Mike On Purpose

Finding purpose in the twenty-first century

Blog Action Day

Posted by mikeonpurpose on October 15, 2010

Today is Blog Action Day, and the subject is water.

This gives me a chance to put in a plug for an organization that works on water sanitation issues in Nicaragua, called El Porvenir.  This organization organizes educational and work trips to Nicaragua where it is possible for individuals travel there and experience first hand the issues that El Porvenir deals with.

 

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On This Day, Who Do We Honor?

Posted by mikeonpurpose on October 12, 2010

It is Columbus Day.  Or, as it is known in Berkeley, it is Indigenous People’s Day.  Or, as it is known in South Dakota, it is Native American Day.

Jim Keady of Educating for Justice has posted an article explaining why we should not be honoring Christopher Columbus.  Quoting from Columbus’s journal and from Howard Zinn’s “A People’s History of the United States”, he makes the point that Columbus’s “discovery” of American served as the platform from which he carried out acts of genocide against indigenous peoples.

And here is a video that argues passionately that we should reconsider Columbus Day:

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Video on the non-profit sector

Posted by mikeonpurpose on October 1, 2010

Here’s a little video that provides some information about the role that the non-profit sector plays in the United States:

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What do you want said about you at your funeral?

Posted by mikeonpurpose on September 30, 2010

One of the reasons that the topic of voluntourism (and volunteerism) interests me is that I have become increasingly aware of the shortness of my own human lifespan, and as a result I have felt a need to make an impact on the world in the time that I have left. So I was amused by this Candorville comic from a couple of days ago:

I think that the punchline addresses the very sorts of existential questions that my impending death leads me to ask, and which also serves as the basis for my need to inquire on how I can make my life more meaningful. If I had eons to live, I might not feel such a pressing need to make an impact. Ironically, perhaps it is the very tragedy of the shortness of our lives that can make it possible for life to have more significance.

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Swimming upstream against the tide of economic injustice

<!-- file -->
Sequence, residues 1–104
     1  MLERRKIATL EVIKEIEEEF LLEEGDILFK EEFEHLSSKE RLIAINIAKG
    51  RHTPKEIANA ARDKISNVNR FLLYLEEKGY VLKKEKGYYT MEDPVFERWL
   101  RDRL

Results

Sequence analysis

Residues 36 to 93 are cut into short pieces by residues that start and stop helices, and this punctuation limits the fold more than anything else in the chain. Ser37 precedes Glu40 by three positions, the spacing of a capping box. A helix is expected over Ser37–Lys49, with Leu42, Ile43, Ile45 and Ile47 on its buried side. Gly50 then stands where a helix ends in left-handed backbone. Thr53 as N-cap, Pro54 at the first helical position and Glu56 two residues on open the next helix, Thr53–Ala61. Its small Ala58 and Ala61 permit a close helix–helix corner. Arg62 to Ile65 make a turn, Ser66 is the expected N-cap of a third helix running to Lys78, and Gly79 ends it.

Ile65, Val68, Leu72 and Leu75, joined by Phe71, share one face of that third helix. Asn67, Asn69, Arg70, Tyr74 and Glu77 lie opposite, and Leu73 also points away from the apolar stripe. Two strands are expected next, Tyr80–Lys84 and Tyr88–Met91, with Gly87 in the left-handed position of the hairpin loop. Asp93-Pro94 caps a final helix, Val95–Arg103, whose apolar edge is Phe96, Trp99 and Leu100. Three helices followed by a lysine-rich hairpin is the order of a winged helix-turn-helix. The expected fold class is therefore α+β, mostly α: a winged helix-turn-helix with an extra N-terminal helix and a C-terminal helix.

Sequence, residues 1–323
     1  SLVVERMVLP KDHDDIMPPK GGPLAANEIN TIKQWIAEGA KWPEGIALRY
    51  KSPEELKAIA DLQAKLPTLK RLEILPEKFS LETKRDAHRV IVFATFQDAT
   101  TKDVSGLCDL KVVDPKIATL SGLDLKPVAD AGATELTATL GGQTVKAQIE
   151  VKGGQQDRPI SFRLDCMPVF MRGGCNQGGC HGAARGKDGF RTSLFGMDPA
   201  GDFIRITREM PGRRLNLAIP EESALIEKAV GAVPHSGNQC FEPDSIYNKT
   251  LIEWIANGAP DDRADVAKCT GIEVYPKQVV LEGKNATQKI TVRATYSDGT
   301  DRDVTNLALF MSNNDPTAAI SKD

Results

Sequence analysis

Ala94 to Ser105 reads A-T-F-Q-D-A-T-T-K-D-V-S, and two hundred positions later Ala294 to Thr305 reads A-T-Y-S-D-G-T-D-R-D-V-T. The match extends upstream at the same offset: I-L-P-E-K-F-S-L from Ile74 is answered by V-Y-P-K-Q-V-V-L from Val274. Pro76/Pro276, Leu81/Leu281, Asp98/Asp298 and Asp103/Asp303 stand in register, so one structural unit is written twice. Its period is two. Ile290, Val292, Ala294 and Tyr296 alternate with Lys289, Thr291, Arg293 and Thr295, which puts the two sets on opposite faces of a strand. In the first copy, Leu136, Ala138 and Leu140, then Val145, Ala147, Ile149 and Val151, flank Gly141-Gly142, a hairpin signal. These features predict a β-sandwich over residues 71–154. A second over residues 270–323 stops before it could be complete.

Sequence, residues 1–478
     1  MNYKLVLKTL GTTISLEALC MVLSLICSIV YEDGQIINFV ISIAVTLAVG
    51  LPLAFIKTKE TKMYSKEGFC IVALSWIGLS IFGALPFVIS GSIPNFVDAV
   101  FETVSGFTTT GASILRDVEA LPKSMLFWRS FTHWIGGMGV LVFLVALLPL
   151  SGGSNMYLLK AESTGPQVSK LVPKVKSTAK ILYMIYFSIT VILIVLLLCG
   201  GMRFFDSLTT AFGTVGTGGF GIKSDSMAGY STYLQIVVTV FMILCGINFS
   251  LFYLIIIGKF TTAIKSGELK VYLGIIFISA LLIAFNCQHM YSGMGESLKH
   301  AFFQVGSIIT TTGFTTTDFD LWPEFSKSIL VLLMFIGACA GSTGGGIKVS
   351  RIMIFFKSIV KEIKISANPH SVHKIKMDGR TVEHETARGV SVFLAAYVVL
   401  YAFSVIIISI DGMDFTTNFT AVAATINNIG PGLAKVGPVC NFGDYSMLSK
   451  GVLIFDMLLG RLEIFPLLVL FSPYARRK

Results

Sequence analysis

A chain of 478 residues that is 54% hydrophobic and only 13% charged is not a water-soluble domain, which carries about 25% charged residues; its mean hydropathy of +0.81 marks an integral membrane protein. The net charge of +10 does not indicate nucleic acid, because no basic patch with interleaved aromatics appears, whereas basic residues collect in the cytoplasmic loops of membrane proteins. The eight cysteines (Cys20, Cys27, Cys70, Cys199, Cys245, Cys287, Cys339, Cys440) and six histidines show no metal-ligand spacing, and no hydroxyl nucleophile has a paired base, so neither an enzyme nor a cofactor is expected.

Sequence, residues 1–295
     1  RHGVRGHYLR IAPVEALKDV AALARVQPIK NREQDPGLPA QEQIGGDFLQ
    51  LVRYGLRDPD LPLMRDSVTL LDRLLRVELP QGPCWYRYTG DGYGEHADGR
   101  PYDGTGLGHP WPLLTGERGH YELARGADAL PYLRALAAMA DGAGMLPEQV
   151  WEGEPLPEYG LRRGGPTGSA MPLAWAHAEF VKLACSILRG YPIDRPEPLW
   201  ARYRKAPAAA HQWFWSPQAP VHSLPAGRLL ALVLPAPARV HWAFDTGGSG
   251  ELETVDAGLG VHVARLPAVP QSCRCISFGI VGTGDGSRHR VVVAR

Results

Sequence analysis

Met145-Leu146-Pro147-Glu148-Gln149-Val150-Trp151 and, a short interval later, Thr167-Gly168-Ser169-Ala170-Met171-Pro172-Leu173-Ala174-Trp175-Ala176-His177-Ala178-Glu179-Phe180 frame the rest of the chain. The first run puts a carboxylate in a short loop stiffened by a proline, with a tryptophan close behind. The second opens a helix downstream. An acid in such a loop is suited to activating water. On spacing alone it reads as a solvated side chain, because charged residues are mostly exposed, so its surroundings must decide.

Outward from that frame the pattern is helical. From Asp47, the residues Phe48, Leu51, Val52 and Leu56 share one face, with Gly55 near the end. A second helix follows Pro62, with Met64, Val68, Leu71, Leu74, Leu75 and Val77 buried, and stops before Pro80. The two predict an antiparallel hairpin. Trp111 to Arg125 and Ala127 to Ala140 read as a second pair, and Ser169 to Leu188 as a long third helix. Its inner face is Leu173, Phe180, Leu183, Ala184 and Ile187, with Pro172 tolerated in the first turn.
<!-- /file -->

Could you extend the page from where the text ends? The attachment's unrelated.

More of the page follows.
Posted by mikeonpurpose on September 18, 2010

Jim Keady is the founder of an organization called Team Sweat, which works to end sweatshops and other abusive labor practices in developing countries.  In particular he has focused on Nike, which has been one of the biggest corporate abusers in this matter.

How he became a crusader on this issue is itself an interesting story.  Many years ago, he was hired to be a soccer coach as St. Johns University.  According to a the Team Sweat website,

This was the coaching opportunity of a lifetime and Jim joined the Redstorm staff in the summer of 1997.  Along with his coaching, Jim also enrolled in the graduate school to pursue a masters degree in Theology.  It was at St. John’s where Jim’s life would take a major turn.

As part of a class assignment, Jim began to research Nike’s labor practices in light of Catholic Social Teaching and subsequently found that Nike’s factories were de facto sweatshops with long hours, low wages, and an overall exploitation of mostly poor women in developing countries.

At the same time Jim was doing his research, St John’s University Athletic Department began to negotiate a $3.5 million dollar endorsement deal with Nike that would require all athletes and coaches to wear and endorse the products.  Jim questioned the endorsement deal privately at first, and then publicly.  Eventually he was given an ultimatum by his head coach – “Wear Nike and drop this issue…or resign.”  Deciding that as a matter of conscience, he could not turn a blind eye to the way Nike made its profits, Jim said he would not publicly endorse Nike.

In May 1998, Jim was forced to resign.

Losing your job over a matter of social conscience is surely one of the toughest decisions anyone can make.  After all, we all have to put food on our tables.   And when the job you are giving up had seemed to be the opportunity of a lifetime, the decision has to be even more agonizing.

It seems clear to me that living your life in a way that expresses your values is not necessarily easy to do in our consumer culture, especially if your values run counter to the prevailing ideology of capitalist consumerism.  We are, according to this ideology, expected to make decisions in accordance with rational self-interest.   We might decide to buy a particular product because it is cheaper, or because we like the color, or for some other reason that has only to do with our own personal desires and needs as consumers.  The idea that one might choose or not choose to buy something because of a deeper moral consideration, perhaps involving objections to the company that makes a particular product, does not fit well into this model.  Nike, to be sure, does not want you evaluating how they treat the workers that make the products that they want you to buy.  They have a vested interest, as a matter of fact, in making sure that you don’t take such things into account at all.  But we should not just blame Nike for what is a pervasive cultural expectation; the real problem is that our economic system, rooted as it is in this ideology of “rational self-interest”, has a specific, albeit perverse, idea of what is rational.  In particular, it often does not seem to  incorporate having a social conscience into its definition of rational consumer choices.  “Rational” means, instead (according to this view), acting in the best interests of the gratification of the self.   If we do decide to act on behalf of a greater purpose than how a particular product satisfies our own financial or personal gratification, in particular by taking into account others who are not directly involved in the immediate economic transaction between ourselves and another party, then we are seen as simply being irrational.